Cybercrime is a serious business. Look at the pew pew maps that show it all. Everyone and everything is under attack 24/7. One could argue that security knowledge is a must-have for every developer.

At the highest level, there are two main ways to hack a web app:

  • Change the source code and serve malicious code to the user.
  • Turn input sources such as database entries or URL parameters into malicious content.

With proper configuration, modern browsers can detect and stop these attacks.

Stopping the malicious client

One way to introduce malicious code is to gain access to the server hosting the app and change the source code. A variation of this attack is gaining access to the CI/CD pipeline. After the code changes, the server will serve the malicious version to the user.
Subresource integrity(SRI) is the first line of defense against this type of attack. To activate these checks add integrity attribute to resources (link and script tags).
The integrity attribute should contain the cryptographic signature of the resource.
For example:

<script src="" integrity="sha384-qVuAfXRKap7fdgcCY5uykM6+R9GqQ8K/uxy9rx7HNQlGYl1kPzQho1wx4JwY8wC" crossorigin="anonymous"></script>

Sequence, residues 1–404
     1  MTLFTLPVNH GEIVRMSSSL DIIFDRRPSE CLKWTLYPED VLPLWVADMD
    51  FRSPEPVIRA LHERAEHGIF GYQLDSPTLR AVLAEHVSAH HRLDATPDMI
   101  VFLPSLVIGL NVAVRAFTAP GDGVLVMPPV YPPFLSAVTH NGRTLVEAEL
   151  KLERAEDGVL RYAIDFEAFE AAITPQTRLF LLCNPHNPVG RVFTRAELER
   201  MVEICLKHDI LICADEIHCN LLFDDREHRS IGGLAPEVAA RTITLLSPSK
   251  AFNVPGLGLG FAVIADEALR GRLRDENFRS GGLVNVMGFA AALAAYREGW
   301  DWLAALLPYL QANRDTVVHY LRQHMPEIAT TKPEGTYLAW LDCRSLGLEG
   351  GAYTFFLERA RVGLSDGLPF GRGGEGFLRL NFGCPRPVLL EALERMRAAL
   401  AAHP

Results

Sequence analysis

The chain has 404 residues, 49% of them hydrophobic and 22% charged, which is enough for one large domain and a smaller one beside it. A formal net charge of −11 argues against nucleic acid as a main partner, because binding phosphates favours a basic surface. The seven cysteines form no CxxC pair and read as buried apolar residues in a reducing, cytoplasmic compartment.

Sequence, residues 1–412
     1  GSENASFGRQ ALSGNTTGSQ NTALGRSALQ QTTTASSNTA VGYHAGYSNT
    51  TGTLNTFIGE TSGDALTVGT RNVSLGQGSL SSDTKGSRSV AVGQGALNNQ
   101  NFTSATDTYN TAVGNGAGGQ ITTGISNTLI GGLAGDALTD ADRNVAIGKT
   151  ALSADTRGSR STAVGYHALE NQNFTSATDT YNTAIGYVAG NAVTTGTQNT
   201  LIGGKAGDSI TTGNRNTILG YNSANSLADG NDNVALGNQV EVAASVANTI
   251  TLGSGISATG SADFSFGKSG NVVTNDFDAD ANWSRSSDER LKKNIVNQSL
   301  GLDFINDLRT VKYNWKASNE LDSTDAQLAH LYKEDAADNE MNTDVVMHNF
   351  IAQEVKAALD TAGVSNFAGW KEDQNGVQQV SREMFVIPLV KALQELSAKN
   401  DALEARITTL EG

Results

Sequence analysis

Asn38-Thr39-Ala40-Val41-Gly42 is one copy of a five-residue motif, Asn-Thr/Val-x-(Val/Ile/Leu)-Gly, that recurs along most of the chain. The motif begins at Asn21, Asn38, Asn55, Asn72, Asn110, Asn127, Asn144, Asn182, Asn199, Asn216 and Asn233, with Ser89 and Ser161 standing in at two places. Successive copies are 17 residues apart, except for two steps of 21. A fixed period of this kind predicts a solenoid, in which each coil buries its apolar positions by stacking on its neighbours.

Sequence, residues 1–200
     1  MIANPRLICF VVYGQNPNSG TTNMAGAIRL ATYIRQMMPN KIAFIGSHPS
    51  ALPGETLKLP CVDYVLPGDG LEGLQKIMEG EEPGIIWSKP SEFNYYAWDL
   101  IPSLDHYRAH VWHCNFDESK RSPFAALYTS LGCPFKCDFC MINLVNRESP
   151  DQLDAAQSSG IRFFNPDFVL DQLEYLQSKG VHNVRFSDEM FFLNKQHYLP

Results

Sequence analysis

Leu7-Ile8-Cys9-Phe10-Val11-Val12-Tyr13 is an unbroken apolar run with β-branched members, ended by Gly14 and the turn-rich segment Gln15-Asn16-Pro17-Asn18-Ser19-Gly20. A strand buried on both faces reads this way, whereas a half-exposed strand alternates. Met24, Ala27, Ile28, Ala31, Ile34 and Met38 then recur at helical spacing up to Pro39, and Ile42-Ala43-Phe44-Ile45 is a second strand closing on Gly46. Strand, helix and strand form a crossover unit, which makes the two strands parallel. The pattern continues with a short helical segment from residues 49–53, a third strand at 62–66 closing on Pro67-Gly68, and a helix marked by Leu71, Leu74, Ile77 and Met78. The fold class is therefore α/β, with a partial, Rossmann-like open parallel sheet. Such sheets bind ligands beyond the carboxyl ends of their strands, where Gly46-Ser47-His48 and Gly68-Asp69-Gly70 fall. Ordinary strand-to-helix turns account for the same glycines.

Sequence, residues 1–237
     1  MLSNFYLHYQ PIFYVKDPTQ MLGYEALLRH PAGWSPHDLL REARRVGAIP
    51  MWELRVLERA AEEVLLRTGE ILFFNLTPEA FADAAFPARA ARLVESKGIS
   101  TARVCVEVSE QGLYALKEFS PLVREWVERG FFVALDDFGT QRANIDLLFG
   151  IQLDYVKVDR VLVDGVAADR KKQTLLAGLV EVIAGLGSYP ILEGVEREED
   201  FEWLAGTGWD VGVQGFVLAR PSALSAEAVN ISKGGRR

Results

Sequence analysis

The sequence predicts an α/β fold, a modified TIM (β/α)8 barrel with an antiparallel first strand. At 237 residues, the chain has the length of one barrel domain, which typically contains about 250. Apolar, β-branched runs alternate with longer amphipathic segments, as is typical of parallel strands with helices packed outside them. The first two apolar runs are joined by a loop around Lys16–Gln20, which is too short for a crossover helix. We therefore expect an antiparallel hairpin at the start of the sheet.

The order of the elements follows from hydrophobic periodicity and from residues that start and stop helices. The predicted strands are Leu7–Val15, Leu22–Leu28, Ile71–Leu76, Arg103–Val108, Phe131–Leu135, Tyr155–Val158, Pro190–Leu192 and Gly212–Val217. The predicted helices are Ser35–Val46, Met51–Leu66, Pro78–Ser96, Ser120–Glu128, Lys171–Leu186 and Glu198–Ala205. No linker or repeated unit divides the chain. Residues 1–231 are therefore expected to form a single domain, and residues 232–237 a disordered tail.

The browser then compares the cryptographic signature of the downloaded resource with the cryptographic signature from the integrity attribute.
If the signatures don’t match, the browser will refuse to execute the downloaded resource and show a network error.

For libraries without SRI, tools such as can compute the cryptographic hash. In-depth details about subresource integrity are available on the MDN website and the official specification.

The Content Security Policy(CSP) header is another security feature at our disposal.
It consists of different directives that limit how different types of resources behave. There are many versions(levels) of the standard.
Each version introduces new directives that allow for more fine-tuning.

A policy that allows everything but only when it comes from the same origin looks like this:

Content-Security-Policy: default-src 'self';